no edit summary
==The context of the story of Merlin==
The Arthurian Cycle of stories and the legend of Merlin is based on more or less historical events that occurred in the wake of the collapse of Roman power in the West. In 410 AD the last Roman legion left Britain and the natives had to fend for themselves. There emerged a number of small Brythonic kingdoms who were faced with an invasion by pagan Saxons and other Germanic tribes. This was an era when great warlords emerged such as Vortigern, who fought against the barbarians. This is the
era of legendary warrior-kings, such as Uther Pendragon and Arthur. The Brythonic kingdoms were all Christian, but they were also Roman-Celtic. They were pushed out of the rich lowlands of England into the highlands of Cornwall, Wales, and Scotland. At this time, popularly, known as the Dark Ages, many pre-Christian practices remained and much of the population was still half-pagan. There were still old-style magicians and prophets, who were believed to have special powers, such as those possessed by Merlin, even by clerics and monks <ref> Tolstoy, Nikolai. The Quest for Merlin (London, H. Hamilton, 1985), p 14</ref>. [[File: Merlin Two.jpg|200px|thumb|left|A 19th century print showing Merlin as a druid]]
==The sources of Merlin==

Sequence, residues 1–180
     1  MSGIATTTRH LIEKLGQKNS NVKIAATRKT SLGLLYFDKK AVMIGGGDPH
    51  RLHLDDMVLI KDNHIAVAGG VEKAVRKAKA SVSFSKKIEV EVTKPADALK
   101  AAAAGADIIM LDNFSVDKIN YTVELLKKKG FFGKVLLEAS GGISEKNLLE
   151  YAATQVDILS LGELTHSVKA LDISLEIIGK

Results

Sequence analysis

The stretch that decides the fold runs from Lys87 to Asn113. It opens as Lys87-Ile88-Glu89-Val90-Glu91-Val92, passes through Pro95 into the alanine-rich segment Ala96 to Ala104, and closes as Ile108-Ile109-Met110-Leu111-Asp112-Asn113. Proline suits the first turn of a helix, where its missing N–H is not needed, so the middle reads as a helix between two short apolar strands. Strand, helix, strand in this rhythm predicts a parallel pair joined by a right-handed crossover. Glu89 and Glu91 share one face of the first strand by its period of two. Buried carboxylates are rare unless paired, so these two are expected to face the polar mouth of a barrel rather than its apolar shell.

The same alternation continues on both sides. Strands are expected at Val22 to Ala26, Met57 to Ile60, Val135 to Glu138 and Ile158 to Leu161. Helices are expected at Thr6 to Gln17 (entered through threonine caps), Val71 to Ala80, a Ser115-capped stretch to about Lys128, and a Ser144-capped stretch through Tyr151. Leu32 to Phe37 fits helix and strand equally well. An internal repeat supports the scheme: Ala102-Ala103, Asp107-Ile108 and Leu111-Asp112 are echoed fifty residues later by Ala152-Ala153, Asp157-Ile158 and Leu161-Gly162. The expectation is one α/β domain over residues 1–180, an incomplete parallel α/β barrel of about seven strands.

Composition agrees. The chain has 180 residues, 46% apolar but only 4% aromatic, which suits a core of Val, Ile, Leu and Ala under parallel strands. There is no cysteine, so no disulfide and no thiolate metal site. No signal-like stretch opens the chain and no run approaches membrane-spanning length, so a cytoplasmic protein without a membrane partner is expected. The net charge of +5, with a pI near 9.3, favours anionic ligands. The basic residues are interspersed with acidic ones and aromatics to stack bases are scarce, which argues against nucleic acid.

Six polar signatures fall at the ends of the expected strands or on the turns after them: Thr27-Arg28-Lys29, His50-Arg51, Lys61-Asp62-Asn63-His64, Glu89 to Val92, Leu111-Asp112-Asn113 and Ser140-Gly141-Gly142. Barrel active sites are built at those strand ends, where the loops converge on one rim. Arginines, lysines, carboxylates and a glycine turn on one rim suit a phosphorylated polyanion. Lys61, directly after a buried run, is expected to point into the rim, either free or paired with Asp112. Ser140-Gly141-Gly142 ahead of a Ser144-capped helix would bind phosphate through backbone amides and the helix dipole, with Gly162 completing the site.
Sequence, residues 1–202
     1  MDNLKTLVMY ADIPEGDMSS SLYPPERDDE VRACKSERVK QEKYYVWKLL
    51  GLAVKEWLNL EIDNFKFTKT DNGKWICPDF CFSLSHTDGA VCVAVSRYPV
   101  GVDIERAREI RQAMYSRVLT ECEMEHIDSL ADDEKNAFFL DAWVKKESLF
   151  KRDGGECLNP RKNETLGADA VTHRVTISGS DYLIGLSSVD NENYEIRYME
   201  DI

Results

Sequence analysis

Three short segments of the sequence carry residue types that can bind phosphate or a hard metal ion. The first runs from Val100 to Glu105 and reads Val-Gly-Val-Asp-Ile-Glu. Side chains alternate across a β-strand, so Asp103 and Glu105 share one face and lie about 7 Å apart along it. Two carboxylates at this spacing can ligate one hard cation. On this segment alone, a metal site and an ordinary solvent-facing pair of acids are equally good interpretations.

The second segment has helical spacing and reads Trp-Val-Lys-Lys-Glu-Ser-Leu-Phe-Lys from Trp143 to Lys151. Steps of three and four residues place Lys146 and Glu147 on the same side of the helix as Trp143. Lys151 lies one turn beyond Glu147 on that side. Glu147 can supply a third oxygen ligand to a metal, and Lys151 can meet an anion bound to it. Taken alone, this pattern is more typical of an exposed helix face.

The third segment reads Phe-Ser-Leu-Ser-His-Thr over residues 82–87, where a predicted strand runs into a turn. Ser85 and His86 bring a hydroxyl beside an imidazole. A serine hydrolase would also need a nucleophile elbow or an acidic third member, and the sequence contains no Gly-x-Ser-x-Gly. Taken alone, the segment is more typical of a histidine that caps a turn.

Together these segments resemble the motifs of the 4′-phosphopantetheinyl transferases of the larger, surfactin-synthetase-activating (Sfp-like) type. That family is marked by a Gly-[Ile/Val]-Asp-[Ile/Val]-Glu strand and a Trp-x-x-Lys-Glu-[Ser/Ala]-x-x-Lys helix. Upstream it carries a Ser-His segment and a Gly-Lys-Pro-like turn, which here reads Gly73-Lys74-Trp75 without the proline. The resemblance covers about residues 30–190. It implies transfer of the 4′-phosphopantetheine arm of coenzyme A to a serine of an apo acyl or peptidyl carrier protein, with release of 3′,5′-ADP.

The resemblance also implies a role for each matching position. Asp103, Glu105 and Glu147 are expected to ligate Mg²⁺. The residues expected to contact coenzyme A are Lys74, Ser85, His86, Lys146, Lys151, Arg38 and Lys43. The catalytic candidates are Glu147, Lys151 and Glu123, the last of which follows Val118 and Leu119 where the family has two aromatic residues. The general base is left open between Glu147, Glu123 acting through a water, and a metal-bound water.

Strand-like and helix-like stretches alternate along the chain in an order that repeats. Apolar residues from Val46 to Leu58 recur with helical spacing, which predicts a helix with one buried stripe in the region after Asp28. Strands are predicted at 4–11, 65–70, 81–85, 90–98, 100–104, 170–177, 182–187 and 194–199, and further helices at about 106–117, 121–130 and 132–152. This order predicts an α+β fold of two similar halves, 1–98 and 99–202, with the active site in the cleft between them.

There is no one fixed version of the story of Merlin. He is first mentioned in the History of the Kings of Britain by Geoffrey de Monmouth in a book which purports to be the prophecies of Merlin (1130 AD). In these prophecies, well-known figures were represented by animals. Monmouth claims that the prophecies and the figure of Merlin are based on ancient oral sources. He shows Merlin to be a key member of King Arthur’s inner circle. In his later work, the Vita Merlini, he elaborated on the story of Merlin. Many have accused Geoffrey of Monmouth of simply inventing the famous wizard and prophet. In the 13th century a French poet, Robert de Boron, wrote an epic poem on the magician based on the work of Monmouth, in the 13th century. Some of this work is lost but it was very influential in the popularity of the character of Merlin <ref> Jankulak, Karen. Geoffrey of Monmouth (Cardiff: University of Wales Press, 2010), p. 11</ref>. In later centuries, Thomas Mallory and other writers greatly elaborated on the story of the wizard. They did not emphasise his powers of prophecy but concentrated on his supernatural powers.